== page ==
FIGURE 4
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Figure 4. Single electron memory effect utilizing Random Telegraph Signals. (A–G) ID monitored from 0 s to 150 ms in the range of 4.5 to 7.0 nA. (H–N) ID monitored from 45 to 65 ms in the range of 450 to 520 nA. VD was set to 0.2 V. In the first 50 ms, VTG = 0.5 V was applied to empty the QD (A–G). After the initialization, VTG was ramped up to 2 V over 30 μs (H–N). Until 60 ms, VTG was kept 2 V to capture an electron in the QD (H–N). VTG was then decreased to 0.5 V over 30 μs, and ID was monitored for a further 90 ms (A–G).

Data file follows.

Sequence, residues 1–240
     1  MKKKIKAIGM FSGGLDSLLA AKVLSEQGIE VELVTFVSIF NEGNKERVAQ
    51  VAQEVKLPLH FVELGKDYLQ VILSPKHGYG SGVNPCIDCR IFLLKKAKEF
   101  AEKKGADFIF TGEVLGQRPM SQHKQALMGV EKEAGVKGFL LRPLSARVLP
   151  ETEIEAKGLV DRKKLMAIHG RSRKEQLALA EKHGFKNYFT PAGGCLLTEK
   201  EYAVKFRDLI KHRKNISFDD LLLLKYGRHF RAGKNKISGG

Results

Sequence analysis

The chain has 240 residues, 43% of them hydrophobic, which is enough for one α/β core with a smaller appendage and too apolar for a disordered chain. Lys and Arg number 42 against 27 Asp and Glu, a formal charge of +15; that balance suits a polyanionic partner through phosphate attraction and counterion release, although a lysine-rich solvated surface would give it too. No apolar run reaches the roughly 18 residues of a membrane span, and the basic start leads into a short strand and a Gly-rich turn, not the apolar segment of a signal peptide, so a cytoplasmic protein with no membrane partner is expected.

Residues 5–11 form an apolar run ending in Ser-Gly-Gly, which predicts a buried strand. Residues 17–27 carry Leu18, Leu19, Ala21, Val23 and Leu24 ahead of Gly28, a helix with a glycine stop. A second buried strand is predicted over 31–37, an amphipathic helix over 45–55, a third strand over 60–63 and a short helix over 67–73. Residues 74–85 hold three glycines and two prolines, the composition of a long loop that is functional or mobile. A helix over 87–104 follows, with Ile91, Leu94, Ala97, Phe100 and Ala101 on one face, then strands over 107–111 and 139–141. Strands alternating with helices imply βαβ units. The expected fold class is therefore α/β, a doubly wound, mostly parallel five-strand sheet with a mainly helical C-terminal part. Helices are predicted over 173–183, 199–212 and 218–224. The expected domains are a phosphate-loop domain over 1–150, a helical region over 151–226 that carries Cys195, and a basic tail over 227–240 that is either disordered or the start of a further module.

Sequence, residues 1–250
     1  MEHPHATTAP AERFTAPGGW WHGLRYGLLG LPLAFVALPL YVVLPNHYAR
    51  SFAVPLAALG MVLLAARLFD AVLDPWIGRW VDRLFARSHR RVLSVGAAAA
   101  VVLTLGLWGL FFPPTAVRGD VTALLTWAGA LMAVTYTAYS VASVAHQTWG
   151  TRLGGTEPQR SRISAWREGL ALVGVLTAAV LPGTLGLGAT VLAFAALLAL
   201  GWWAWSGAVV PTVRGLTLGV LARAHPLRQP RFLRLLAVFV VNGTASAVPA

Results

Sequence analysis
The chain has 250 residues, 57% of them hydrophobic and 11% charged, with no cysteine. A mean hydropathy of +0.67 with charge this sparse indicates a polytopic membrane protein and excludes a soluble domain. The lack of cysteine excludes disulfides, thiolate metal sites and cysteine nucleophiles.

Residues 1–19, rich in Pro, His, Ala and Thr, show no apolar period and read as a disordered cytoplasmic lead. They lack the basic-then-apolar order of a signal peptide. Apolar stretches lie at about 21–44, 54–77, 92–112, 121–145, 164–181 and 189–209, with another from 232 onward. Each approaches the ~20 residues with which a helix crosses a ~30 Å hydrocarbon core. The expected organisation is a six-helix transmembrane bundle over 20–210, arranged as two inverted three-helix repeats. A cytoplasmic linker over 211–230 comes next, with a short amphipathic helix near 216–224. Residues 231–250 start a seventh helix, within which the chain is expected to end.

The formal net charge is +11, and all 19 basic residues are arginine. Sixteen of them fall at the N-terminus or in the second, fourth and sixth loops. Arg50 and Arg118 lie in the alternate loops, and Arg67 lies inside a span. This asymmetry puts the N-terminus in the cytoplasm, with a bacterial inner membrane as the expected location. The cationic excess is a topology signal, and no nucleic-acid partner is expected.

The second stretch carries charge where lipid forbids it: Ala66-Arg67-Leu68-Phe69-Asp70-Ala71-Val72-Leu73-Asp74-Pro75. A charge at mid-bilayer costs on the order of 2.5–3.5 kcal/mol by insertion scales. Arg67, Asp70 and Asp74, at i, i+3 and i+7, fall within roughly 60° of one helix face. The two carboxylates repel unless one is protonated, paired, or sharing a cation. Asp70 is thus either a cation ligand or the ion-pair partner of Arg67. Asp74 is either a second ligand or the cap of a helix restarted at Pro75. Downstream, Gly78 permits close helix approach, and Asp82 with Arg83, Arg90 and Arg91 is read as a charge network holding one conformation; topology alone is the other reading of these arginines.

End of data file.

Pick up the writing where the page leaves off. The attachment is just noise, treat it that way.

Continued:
A sharp current drop was not always observed during the pulse, as can be seen in Figures 4J,N. For Figure 4N, this is expected as before the pulse the electronic state was already filled by an accidental RTS event. For Figure 4J, as the initial electronic state was empty, the only possibility is that the RTS event happened during 30 μs of ramp up. Also, as in Figures 4K,L,N, accidental RTS events were observed during the pulse, changing the electronic state from desired filled state to the empty state. However, as the bias condition was properly optimized, after 10 ms of the pulsing time the electronic state returned to the filled state. This means that this memory operation is robust against such a bit error. We also observed the delay in ID, where the response of ID did not follow the exact waveform of the pulse. This transient effect can be attributed to the capacitive coupling of the wafer stage of the probe station and the substrate, which is insulated by back oxide masked by undoped poly-Si. The effect of floating body effect (FBE) can be eliminated in this context, as FBE usually involves holes injected by impact ionization, where drain is pulsed with an amplitude of around 1 V [50]. In our single electron memory experiment, the drain voltage was fixed to 200 mV and only the gate voltage was pulsed in a ramp up/down time of 30 μs, and it is unlikely that impact ionization could have occurred in this situation. With regards to the relation between the transient effect and the capture of an electron in the QD, we can conclude these two phenomena are not correlated because of the presence of the accidental RTSs, observed in Figures 4K,L,N (highlighted by dashed arrows). If the transient effect plays the central role in the trapping process of an electron in the QD, that mechanism cannot explain as to why an electron could be detrapped from the QD. On the other hand, if the capture and emission process is thought to be governed by the RTS statistics, which is a function of TG voltage (Figures 3I,K), the accidental detrap and recapture of an electron (seen in Figures 4K,L,N) can naturally occur, as such RTS event cannot be completely avoided even though the probability to occur is <10% (Figure 3).